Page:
How is Leather Furniture Made?
When shopping for Leather Furniture it helps to know a thing or two about how leather is prepared before it becomes the beautiful sofa you are about to sit on. There are 5 basic steps to processing leather:
The primary distinction between leather types is the quality of the hide prior to tanning. The quality is determined by the age, geographic origin and diet of the animal.
Curing is the initial protective treatment that is administered to the pelts. It only preserves the hides prior to changing them to leather. The most common methods use salt (sodium chloride) as the principal curing agent.
Tanning is the process of taking raw cattle hides that are in the perishable state and putting them into a preserved state. Hides at this stage are light blue in color (wet blue) and have an unlimited shelf life.
This is the first step in introducing color to the hides. The dye has the same effect on the hide as a stain has on wood. The hide is soaked in a solution of dye until the color has penetrated all the way through. This is a synthetic dye, a color which has no solids. A purely dyed hide will have a very natural look. With no solid, the color varies through the hide and is darker in some areas than others. Also dye allows all of nature's marks to be visible. Some leather gets all of its color from dye.
A slight coating of color, with the solids, is put onto the hide to create a more consistent look and even coloration. This coating provides many positive and practical characteristics. Color is put on top of a dyed hide of similar color. The color achieved during dyeing acts as a primer for the finish. This allows less coating to be put on the hide, resulting in a softer hide. The finish acts as a barrier between you and the actual skin. It helps prevent staining and keeps the leather color consistent over many years. A finished leather is the most widely used leather in the industry. It features color consistency, durability, and ease in cleaning.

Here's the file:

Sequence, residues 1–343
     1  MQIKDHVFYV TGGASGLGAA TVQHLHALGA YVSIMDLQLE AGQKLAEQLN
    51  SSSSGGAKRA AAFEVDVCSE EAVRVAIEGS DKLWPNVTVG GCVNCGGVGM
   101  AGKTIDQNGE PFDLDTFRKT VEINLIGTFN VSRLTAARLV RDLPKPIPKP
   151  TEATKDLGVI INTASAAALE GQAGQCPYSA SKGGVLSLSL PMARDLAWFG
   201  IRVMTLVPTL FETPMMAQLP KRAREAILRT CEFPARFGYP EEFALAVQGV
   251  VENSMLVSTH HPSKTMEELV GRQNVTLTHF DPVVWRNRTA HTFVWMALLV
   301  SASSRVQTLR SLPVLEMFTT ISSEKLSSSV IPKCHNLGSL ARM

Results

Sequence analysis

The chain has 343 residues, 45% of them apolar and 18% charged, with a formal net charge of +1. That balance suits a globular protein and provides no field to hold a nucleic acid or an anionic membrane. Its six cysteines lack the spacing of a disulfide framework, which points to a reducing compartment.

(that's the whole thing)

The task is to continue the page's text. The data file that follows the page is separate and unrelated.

Hides are too thick to use without splitting. Splitting the hides yields different qualities of leather:
1. Split Hides/ Corrected Hides
A split hide is the underneath layer of the hide that has been split off when the top grain leather has been separated. Split hides can be embossed and finished to look like top grain leather. They are used with top grain leathers and placed on the sides, backs and base rails of upholstered pieces. This cost saving process provides customers with an excellent value. Split hide leather is not as strong as top grain leather and should not be used for upholstery seats and inside back cushions. Many steps are needed to process split hide leather, causing it to lack the soft and supple feel of most top grain leathers.
2. Top Grain/ Lightly Corrected
Top grain leather is the upper layer of the leather hide. All top grain leathers have many hallmarks of the trails that may not be pleasing to the customer. As a result, these hides are shaved and sanded, then grain patterns are embossed back on to them. This gives the leather a grain pattern that looks natural, but lacks character markings only found in the finest of leather. Corrected leathers will also feel stiff and lack the soft supple feel of high quality leathers.
3. Full Grain/ Non-Corrected Hides
Full grain leather is top grain leather that has not been mechanically altered. This high quality leather features natural grain and character markings. These natural markings add to the beauty of the hide. Full grain leathers are never sanded or embossed and have the softest and smoothest feel of all leather used in fine upholstery furniture. Less than 3% of all hides have the qualities necessary to become full grain leather.